- Inbunden (Hardback)
- Antal sidor
- SAGE Publications Ltd
- Hole, Graham J
- black & white illustrations
- 250 x 175 x 25 mm
- Antal komponenter
- xii, 384 p. :
- 820 g
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How to Design and Report Experimentsav Andy Field1394
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How to Design and Report Experiments is the perfect textbook and guide to the often bewildering world of experimental design and statistics. It provides a complete map of the entire process beginning with how to get ideas about research, how to refine your research question and the actual design of the experiment, leading on to statistical procedure and assistance with writing up of results.
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While many books look at the fundamentals of doing successful experiments and include good coverage of statistical techniques, this book very importantly considers the process in chronological order with specific attention given to effective design in the context of likely methods needed and expected results. Without full assessment of these aspects, the experience and results may not end up being as positive as one might have hoped. Ample coverage is then also provided of statistical data analysis, a hazardous journey in itself, and the reporting of findings, with numerous examples and helpful tips of common downfalls throughout.
Combining light humour, empathy with solid practical guidance to ensure a positive experience overall, How to Design and Report Experiments will be essential reading for students in psychology and those in cognate disciplines with an experimental focus or content in research methods courses.
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This book is highly recommended for Undergraduate and Postgraduate students and even trainee clinical psychologists who need a quick revision of statistical concepts and experimental designs. My only regret was not purchasing this book during my early Undergraduate years, I have read and re-read countless books on the same phenomena, and despite the detail these books comprise of, they have never been able to impact on me the way this book has. Without sounding too much like a clich, if your only ever going to buy one statistical and research book, it has to be this one. Consider this the bible of all things statistically related!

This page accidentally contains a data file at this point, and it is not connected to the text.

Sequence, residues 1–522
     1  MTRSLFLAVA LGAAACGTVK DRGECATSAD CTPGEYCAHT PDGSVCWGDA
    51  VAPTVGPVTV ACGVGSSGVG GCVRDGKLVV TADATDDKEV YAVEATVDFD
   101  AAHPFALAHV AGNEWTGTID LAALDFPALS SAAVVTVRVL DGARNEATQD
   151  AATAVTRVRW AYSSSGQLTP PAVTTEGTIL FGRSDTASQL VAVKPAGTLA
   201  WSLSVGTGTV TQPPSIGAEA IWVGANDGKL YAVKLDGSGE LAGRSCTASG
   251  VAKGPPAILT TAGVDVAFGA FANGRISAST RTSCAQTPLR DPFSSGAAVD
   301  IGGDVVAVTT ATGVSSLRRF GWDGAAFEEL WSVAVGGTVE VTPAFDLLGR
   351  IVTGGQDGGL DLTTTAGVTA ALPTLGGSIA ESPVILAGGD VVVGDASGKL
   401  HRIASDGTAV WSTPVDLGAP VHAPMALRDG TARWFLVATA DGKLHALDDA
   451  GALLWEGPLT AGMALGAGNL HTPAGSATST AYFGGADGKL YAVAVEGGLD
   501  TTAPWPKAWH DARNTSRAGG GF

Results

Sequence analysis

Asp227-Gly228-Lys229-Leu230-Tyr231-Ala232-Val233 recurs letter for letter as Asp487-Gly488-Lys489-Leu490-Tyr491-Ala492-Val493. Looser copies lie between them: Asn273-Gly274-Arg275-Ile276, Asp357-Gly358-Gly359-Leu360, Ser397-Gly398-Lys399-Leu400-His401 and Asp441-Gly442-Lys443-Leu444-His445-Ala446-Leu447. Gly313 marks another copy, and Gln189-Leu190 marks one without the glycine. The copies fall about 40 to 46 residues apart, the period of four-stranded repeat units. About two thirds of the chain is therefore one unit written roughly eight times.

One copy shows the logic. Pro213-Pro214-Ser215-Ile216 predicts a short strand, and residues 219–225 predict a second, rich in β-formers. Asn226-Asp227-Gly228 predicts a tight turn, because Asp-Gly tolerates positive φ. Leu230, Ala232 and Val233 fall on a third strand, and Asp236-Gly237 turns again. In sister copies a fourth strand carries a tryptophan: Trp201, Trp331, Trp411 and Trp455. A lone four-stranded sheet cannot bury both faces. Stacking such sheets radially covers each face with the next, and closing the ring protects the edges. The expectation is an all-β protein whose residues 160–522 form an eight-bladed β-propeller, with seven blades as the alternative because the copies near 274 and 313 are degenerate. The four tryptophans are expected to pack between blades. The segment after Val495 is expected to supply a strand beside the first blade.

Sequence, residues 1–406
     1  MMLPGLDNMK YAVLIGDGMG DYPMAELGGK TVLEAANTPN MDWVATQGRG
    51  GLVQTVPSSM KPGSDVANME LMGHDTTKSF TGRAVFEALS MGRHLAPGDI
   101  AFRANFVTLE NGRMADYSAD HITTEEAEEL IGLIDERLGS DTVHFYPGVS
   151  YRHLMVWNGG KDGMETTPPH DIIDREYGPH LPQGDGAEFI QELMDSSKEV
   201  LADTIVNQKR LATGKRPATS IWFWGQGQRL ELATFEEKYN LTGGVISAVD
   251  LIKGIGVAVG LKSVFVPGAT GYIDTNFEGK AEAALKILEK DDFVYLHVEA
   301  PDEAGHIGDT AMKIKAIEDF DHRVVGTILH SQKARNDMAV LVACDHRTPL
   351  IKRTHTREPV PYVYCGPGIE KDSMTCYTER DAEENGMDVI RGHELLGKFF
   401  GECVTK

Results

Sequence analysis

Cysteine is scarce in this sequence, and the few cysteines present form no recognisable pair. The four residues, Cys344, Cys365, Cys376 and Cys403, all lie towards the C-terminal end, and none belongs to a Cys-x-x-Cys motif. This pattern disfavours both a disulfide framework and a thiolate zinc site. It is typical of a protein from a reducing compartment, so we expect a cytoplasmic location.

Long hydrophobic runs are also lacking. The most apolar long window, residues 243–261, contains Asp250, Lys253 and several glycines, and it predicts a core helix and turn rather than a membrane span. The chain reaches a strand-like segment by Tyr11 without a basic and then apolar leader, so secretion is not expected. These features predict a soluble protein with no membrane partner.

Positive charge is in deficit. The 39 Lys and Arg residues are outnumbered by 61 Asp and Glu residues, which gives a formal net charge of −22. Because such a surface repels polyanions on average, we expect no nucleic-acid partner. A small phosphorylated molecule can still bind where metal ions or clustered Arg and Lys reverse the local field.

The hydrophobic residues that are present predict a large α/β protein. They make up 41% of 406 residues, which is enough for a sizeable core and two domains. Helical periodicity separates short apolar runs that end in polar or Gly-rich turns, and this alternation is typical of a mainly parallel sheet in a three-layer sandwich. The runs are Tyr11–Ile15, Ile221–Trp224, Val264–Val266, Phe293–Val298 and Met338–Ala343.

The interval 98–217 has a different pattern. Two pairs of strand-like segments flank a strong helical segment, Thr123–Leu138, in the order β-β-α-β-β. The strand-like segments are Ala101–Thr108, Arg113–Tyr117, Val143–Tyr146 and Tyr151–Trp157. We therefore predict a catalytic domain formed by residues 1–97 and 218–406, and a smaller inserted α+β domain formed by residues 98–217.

Psych Me Up!
I strongly recommend this book. The all-important steps of defining the research question and choosing an appropriate method are clearly written by these experienced authors and by doing so provide a framework, which if followed, would avoid many of the common difficulties encountered by those in training. The book is a succinct, clear, and readable treatise on this extremely important area. It should prove to be invaluable to researchers, practicing social scientists, students and anyone involved in the design and reporting of experiments
Social Psychological Review
Andy Field is Professor of Quantitative Methods at the University of Sussex. He has published widely (100+ research papers, 29 book chapters, and 17 books in various editions) in the areas of child anxiety and psychological methods and statistics. His current research interests focus on barriers to learning mathematics and statistics.
He is internationally known as a statistics educator. He has written several widely used statistics textbooks including Discovering Statistics Using IBM SPSS Statistics (winner of the 2007 British Psychological Society book award), Discovering Statistics Using R, and An Adventure in Statistics (shortlisted for the British Psychological Society book award, 2017; British Book Design and Production Awards, primary, secondary and tertiary education category, 2016; and the Association of Learned & Professional Society Publishers Award for innovation in publishing, 2016), which teaches statistics through a fictional narrative and uses graphic novel elements. He has also written the adventr and discovr packages for the statistics software R that teach statistics and R through interactive tutorials.
His uncontrollable enthusiasm for teaching statistics to psychologists has led to teaching awards from the University of Sussex (2001, 2015, 2016, 2018, 2019), the British Psychological Society (2006) and a prestigious UK National Teaching fellowship (2010).
He's done the usual academic things: had grants, been on editorial boards, done lots of admin/service but he finds it tedious trying to remember this stuff. None of them matter anyway because in the unlikely event that you've ever heard of him it'll be as the 'Stats book guy'. In his spare time, he plays the drums very noisily in a heavy metal band, and walks his cocker spaniel, both of which he finds therapeutic.
PART ONE: DESIGNING AN EXPERIMENT Before You Begin Planning an Experiment Experimental Designs PART TWO: ANALYZING AND INTERPRETING DATA Descriptive Statistics Inferential Statistics Parametric Tests Non-parametric Tests Choosing a Statistical Test PART THREE: WRITING UP YOUR RESEARCH A Quick Guide to Writing a Psychology Lab-Report General Points When Writing a Report Answering the Question 'Why?' The Introduction Section Answering the Question 'How?' The Method Section Answering the Question 'What Did I Find?' The Results Section Answering the Question 'So What?' The Discussion Section Title, Abstract, Reference and Formatting Example of an Experimental Write-Up